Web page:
and reattaching it to the second power receptacle on the base’s end. I should
mention that anytime the shroud portion of the lamp is reattached to the
battery-powered base, the parts are screwed together and proper contact has been
made, the red LEDs will blink once.

Included in the box is a clip system which can be attached to whichever power
receptacle is vacant.

 

Here you can see that the top receptacle is vacant…

 

And now the clip is attached allowing the user to mount the light in whatever
manner is most convenient.

 

There is even a separate bicycle mount which can be ordered for an additional
$4. Using this mount on the front of a bike will provide a bright headlight,
whereas using it on the back will provide a very bright red tail-light.

The same receptacle can also be used for mounting the lamp on a camera
tripod, should the user need a way to hold the light steady without actually
holding the light itself.

The Photon
Freedom Fusion Flashlight / Headlight
is an extremely versatile LED light
that can be adapted to meet just about any use that an owner might need. Whether
it is used as a headlight on its strap, as a handheld flashlight, or as a
stationary light on its clip or on top of a tripod, the light is versatile, long
lasting and bright. Should the owner be the type of person that actually takes
it in the wilderness, then the signaling features may actually be a life saver.
The added storage pouch makes it easy to keep the light in the glovebox of the
owner’s car, so that it is always handy should a need arise.

Price: 57.95

Pros:
Versatile, can be used in several different configurations
Available in several different LED colors to suit different user’s needs
LEDs offer bright light with lower power consumption
Light has built-in safety features

Cons:
None

Product Requirements:
Device:
3 AA Batteries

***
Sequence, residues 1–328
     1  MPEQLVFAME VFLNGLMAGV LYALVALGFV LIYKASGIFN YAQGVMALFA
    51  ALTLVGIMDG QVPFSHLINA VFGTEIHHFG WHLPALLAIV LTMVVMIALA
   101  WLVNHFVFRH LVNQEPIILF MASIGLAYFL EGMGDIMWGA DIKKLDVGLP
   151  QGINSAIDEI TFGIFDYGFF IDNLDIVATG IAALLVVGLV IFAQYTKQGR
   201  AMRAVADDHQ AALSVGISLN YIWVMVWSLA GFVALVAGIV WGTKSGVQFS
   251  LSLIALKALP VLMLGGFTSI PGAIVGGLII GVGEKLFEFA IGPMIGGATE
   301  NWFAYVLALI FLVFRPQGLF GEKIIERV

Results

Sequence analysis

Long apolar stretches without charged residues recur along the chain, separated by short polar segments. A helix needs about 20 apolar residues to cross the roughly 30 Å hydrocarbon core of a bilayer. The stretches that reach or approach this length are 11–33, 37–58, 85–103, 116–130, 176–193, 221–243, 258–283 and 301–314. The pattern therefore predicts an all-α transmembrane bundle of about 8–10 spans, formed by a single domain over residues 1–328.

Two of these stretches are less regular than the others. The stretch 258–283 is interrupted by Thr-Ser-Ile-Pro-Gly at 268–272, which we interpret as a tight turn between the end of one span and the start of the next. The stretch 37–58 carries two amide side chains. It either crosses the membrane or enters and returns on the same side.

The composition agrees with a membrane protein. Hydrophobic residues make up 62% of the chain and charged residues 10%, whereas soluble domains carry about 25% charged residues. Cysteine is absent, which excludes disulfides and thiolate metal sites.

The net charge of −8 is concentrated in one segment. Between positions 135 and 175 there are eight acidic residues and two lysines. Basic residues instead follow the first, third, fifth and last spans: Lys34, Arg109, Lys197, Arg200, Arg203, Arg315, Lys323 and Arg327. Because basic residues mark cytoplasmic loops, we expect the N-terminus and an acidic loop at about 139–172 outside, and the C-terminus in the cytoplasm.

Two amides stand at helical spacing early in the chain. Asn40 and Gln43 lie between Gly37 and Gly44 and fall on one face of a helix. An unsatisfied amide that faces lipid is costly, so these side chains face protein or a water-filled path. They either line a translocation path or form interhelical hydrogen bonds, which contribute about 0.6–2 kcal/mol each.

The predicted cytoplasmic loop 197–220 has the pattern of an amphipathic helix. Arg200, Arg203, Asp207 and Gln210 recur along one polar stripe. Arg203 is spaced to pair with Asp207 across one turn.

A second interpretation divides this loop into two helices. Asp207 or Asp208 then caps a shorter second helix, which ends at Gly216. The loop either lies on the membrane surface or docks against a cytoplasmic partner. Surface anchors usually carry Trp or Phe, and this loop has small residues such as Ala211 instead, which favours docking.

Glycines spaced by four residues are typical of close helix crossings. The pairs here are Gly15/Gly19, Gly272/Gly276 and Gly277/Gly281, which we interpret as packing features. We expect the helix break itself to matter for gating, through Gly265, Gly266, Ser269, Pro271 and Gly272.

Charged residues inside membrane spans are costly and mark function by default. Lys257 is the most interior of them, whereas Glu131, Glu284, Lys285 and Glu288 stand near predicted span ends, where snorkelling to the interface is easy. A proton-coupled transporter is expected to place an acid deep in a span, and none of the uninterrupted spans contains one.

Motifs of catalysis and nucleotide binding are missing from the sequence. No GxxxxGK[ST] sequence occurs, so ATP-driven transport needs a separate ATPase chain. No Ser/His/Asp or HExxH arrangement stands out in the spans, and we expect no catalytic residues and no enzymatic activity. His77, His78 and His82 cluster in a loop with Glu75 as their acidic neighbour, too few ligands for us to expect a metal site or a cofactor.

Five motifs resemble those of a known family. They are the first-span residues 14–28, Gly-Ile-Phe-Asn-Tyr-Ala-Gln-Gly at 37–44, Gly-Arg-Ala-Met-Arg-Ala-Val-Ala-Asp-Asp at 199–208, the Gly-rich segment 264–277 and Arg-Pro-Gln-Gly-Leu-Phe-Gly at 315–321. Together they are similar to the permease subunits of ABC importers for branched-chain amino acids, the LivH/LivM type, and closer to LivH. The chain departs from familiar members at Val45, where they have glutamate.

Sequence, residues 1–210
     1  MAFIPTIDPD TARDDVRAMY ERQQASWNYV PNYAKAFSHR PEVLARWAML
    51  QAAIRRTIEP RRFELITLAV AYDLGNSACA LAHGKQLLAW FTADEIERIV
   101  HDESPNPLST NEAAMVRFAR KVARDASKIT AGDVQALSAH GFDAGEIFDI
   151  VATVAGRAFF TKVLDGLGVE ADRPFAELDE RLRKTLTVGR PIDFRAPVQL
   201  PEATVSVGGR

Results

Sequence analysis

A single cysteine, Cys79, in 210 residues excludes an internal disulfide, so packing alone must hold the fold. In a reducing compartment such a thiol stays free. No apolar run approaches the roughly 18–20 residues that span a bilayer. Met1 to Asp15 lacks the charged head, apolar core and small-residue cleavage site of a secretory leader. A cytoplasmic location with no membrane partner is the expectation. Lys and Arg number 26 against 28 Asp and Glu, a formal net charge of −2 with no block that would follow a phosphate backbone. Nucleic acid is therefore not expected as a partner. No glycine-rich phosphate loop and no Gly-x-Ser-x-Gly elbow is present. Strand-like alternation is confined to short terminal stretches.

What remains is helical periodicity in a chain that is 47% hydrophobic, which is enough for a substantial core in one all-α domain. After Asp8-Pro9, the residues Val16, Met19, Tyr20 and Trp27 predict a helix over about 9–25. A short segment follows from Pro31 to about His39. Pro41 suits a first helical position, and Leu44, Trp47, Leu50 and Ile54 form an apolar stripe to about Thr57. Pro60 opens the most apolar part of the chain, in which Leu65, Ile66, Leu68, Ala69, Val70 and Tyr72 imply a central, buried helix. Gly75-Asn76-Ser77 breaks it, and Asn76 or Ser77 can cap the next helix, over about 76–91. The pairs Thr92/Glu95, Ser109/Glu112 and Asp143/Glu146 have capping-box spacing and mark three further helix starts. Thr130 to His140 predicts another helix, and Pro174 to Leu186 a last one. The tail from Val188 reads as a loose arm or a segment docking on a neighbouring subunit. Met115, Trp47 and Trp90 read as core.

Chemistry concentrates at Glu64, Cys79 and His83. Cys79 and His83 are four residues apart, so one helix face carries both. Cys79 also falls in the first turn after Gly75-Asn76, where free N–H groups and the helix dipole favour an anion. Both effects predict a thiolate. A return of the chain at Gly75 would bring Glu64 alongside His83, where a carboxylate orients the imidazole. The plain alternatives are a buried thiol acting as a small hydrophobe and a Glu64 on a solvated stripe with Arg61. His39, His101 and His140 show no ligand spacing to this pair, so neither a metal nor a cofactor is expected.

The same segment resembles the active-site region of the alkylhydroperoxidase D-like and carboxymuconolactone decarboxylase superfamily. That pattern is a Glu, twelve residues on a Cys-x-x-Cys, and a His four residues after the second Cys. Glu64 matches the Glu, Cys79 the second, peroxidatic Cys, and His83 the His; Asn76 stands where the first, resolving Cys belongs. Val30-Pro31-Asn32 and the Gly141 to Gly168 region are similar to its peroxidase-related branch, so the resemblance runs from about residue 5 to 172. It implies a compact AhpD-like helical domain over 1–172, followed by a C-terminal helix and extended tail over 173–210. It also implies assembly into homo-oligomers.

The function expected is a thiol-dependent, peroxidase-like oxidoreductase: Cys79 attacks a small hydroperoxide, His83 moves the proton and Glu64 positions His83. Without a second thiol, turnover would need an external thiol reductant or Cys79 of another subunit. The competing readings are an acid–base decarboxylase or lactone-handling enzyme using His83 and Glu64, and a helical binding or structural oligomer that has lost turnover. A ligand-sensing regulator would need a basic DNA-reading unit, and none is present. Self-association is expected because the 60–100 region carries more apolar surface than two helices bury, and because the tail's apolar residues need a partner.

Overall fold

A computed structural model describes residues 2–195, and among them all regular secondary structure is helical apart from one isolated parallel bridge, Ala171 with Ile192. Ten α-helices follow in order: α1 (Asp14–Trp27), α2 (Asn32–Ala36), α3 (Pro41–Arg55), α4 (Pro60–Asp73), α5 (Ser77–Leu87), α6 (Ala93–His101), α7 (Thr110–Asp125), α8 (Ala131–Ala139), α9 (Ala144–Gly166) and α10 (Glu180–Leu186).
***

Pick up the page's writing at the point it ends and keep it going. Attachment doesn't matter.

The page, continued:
Product Information

Price:57.95
Manufacturer:Photon Light
Pros:
  • Versatile, can be used in several different configurations
  • Available in several different LED colors to suit different user's needs
  • LEDs offer bright light with lower power consumption
  • Light has built-in safety features
Cons:
  • None
11 comments… add one
  • Julie August 10, 2005, 12:09 am

    Post your comments here on the Photon Freedom Fusion Flashlight / Headlight review.

    http://www.the-gadgeteer.com/review/photon_freedom_fusion_flashlight_headlight

    Just click the POST REPLY button on this page.

  • jiraffe August 10, 2005, 7:07 pm

    Thanks for the well written review Julie. This sounds like the best flashlight that I have yet seen. As I was reading your review, a few times I was thinking “okay, but what about …”. Each time, my concern was addressed (and dispelled) as I continued to read.

    The only question I have remaining is how comfortable it is. In headlight mode, does it have any uncomfortable pressure point where it presses against your head? In flashlight mode, how does it feel in the hand?

  • tnriverfish August 11, 2005, 4:14 pm

    Yea! Headlight Review!
    Once you get most of these adjusted to a comfortable tightness you forget they are even on your head. I like the different types of attachments that this offers but it looks like you pay a little extra for that benefit.

    If you’re doing anything but sitting drinking coffee I think you’ll pick this item up before using your disc/purse light thing you reviewed a while back.

    Next “outdoor” item you need to review is some type of GPS thingy.

  • dmccarty August 11, 2005, 4:23 pm

    As I con I would put price. $60 seems kinda steep for what’s essentially a miner’s lamp. I remember seeing those things as a kid (does anyone else remember them being called idiot lights?) for about $10. Granted, they weren’t the LED variety but unless I was seriously into spelunking I wouldn’t consider spending that much on that kind of light.

  • TerryM August 15, 2005, 1:02 am